As a side note, this priest has subbed at my parish twice in the last 6 years or so.  That has been my only experience with him, but he is very memorable.  A couple of summers ago, I became conscious of a couple of sins from long ago.  I was sure they were forgiven, but I knew I had never confessed them, and felt like since I remembered them, I owed that much to Jesus.  So I had asked God if that was what He wanted, to give me the opportunity to go to Confession.  Be careful what you ask for! One morning soon after, I attended 6:30 a.m. Mass at my parish, as I often do.   In walks this priest.  Confessions are heard before daily Mass at our parish, but on this particular day, at the end of Mass, he announced that since he had been running late, he would hear confessions after Mass. I've been going to daily Mass there 3 times a week for the past 4 or 5 years, and that is THE only time I've heard that happen.  I would love to tell you that I took him up on his offer, but I did not.  God put the gift right in my lap, and I turned around and left it because it caught be by surprise and looked "different" than I envisioned. (I very much regretted that, and I did go a couple of days later, when my priest returned.)  I wonder what God might have had for me, though, if I had taken advantage of His offer.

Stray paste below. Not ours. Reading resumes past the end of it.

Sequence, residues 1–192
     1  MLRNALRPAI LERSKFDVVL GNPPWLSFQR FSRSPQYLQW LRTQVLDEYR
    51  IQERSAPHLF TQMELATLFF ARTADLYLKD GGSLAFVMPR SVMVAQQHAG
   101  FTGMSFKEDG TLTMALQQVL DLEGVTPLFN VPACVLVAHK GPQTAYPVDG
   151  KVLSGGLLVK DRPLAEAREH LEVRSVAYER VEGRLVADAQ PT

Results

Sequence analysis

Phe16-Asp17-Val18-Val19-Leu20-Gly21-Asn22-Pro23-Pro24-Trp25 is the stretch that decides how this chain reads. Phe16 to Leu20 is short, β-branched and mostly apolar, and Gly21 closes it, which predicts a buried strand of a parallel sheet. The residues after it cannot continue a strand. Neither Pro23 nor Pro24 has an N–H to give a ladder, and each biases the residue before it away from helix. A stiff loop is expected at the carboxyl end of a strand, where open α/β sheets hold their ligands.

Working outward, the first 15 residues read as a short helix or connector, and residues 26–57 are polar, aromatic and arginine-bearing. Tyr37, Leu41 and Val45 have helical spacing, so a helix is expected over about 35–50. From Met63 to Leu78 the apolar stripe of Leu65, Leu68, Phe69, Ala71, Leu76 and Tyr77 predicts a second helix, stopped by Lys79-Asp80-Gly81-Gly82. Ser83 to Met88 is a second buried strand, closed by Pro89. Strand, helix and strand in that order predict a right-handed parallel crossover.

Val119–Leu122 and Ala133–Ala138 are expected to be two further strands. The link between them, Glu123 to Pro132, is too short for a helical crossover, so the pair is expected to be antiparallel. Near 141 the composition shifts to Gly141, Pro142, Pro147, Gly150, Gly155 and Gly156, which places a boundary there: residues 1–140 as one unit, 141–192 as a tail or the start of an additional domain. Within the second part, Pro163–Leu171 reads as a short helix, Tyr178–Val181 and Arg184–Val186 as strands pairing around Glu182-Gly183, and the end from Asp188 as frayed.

All in all, it was a long, but fruitful day.  One of my friends was supposed to come with me, but due to technical problems at home, she was not able to make it.  My sister-in-law had sent in her registration a couple of weeks ago, but it was returned to her, because the conference was sold out.  I called her, and she was able to take my friend's spot.  God works in mysterious ways.

Easter happenings